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Which Japanese convenience store has the best 'onsen tamago' hot spring eggs?

By Oona McGee, SoraNews24

If you’ve ever visited an onsen town in Japan, you may have seen small stone basins fed by natural hot springs with whole eggs in baskets or nets floating inside them.

Image: Pakutaso

This is what’s known as onsen tamago (“hot spring eggs“), where the water naturally poaches the eggs while they’re still inside the shell, giving you a silky smooth, runny egg when you crack into it. It’s such a beloved delicacy in Japan that you can easily find onsen tamago outside of onsen towns, and even at convenience stores nationwide.

While these eggs might not be cooked the traditional way in natural hot springs, they are cooked to a similar low temperature that results in the same runny texture. So if you’re looking to get a taste of an onsen egg conveniently at a convenience store, which one should you go to?

To help you out with that mission, we purchased onsen tamago from the three top convenience store chains in Japan — Lawson, FamilyMart and 7-Eleven — so join as we crack into them to see what they look like inside.

First, let’s take a look at the prices — Lawson’s onsen tamago is the most expensive of the lot, at 117 yen, followed by FamilyMart’s at 110 yen, and 7-Eleven’s, at 105 yen.

Interestingly, FamilyMart’s egg (below) came with a sachet of bonito stock, which was a surprise, as they don’t usually come with extra additions.


Sliding all the eggs onto individual plates, we were happy to find that all three slipped out easily, but in terms of appearance, Lawson’s egg looked a little different.

▼ Left to right: FamilyMart, Lawson, 7-Eleven


While the other two eggs retained their plump shapes, with the whites still clinging to the yolks, Lawson’s appeared to have such a high liquid content that it looked like it was about to break under its own weight.


This was a good sign, because for many onsen tamago lovers, the runnier the egg the better, and these so-called "drinkable" types of onsen egg are often served for breakfast in Japanese hotels.

▼ The truth would be in the breaking, though, so we took a pair of chopsticks and gently poked into them.


With the yolks now revealed, we really couldn’t see much of a difference between them.


We thought at least one might look a little firmer than another, but they were all jiggly and silky smooth, with similar runny textures.

That meant we would have to search harder to find a winner, and to do that, we looked at the fine print on all the packs, which revealed they were all manufactured by different companies. FamilyMart’s was jointly developed with Itochu Feed, Lawson’s was manufactured by Tamago Factory, and 7-Eleven’s was made by Isedelica. Out of these, the latter two are companies that specialise in egg products.

▼ Left to right: FamilyMart, Lawson, 7-Eleven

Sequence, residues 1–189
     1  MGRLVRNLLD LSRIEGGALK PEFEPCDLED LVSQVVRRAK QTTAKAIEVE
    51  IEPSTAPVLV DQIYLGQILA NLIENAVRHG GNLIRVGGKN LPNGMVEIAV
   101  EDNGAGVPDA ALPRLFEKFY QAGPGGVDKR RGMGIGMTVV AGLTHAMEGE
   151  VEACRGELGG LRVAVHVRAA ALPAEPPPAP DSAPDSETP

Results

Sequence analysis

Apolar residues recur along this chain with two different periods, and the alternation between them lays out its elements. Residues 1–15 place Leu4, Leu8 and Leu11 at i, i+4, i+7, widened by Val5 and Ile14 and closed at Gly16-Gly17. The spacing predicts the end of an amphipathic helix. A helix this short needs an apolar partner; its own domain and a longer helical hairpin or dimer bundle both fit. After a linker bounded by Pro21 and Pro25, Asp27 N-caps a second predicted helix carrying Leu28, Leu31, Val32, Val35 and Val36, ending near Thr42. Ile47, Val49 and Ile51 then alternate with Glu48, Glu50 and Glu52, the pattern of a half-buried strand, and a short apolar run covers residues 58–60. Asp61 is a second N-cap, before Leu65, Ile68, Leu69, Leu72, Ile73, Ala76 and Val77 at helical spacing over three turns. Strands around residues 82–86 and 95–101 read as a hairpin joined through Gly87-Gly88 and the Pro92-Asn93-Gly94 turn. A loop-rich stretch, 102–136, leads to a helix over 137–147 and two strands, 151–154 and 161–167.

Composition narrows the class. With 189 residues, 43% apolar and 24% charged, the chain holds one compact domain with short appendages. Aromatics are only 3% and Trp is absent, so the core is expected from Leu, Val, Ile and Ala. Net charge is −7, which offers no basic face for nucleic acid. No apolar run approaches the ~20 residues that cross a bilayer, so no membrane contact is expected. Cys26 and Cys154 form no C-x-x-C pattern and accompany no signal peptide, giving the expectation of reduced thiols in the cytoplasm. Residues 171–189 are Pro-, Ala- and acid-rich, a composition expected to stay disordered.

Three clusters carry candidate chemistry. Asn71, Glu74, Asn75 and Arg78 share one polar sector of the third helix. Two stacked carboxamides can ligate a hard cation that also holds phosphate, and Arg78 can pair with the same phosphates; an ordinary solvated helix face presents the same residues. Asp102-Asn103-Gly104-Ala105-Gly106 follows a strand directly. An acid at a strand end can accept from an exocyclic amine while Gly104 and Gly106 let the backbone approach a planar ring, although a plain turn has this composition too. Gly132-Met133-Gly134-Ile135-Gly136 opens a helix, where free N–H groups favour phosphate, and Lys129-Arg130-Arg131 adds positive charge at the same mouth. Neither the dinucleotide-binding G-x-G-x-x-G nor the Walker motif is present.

To find out whether the egg specialists would make a better runny egg, we kept that in mind while we tasted them.


The Lawson egg (above) pushed the boundaries between loose and liquid to such an extent that it was almost like eating a raw egg. It seemed unashamedly proud to take things to runny extremes, so if that’s how you like your eggs, this’ll definitely put a smile on your dial.

On the other hand, the eggs from FamilyMart and 7-Eleven seemed to prioritize viscosity over runniness, finding a good balance between the two that helped to accentuate the flavor of the yolk.


Both these eggs were as good as each other, but if you’re counting coins, the 7-Eleven variety wins for value for money. However, if you’re willing to spend a little more and want some added flavor with the bonito stock, you won’t go wrong with the FamilyMart version.

However, for us, the Lawson variety was the ultimate winner, with the extremely runny texture giving it a unique flavor that onsen egg lovers will fall in love with. That being said, though, you won’t be disappointed with any of these eggs, so feel free to give them a try next time you’re feeling peckish.

Photos ©SoraNews24 unless otherwise stated

Read more stories from SoraNews24.

-- We tried a Japanese egg steamer to achieve the perfect breakfast eggs without a stove

-- Ramen egg showdown! Which Japanese convenience store makes the best nitamago?【Taste test】

-- Taste-testing Japan’s three biggest convenience stores store-brand cup ramen【Taste test】

© SoraNews24

©2024 GPlusMedia Inc.

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Thank you for the very informative information. Good article.

5 ( +5 / -0 )

Onsen eggs are great.

4 ( +4 / -0 )

Great article. Most eggs, despite different retailers, are pretty uniform here in Japan and of high quality. I love onsen tamago. But I make my own with the Yen 100 store onsen tamago maker. Just add eggs, hot water and let it drain. Perfect. You learn where the best water level is depending on your taste preference.

2 ( +2 / -0 )

The firmer white from FamilyMart is my pick.

3 ( +3 / -0 )

The best onsentamago I ever saw were directly below me in Zao onsen.

Completely boiled.

-1 ( +0 / -1 )

Most eggs, despite different retailers, are pretty uniform here in Japan and of high quality.

I'd disagree. Most are are from battery farmed hens and those eggs, so we are told, compare very unfavourably to the ones we get from our free range chickens.

0 ( +0 / -0 )

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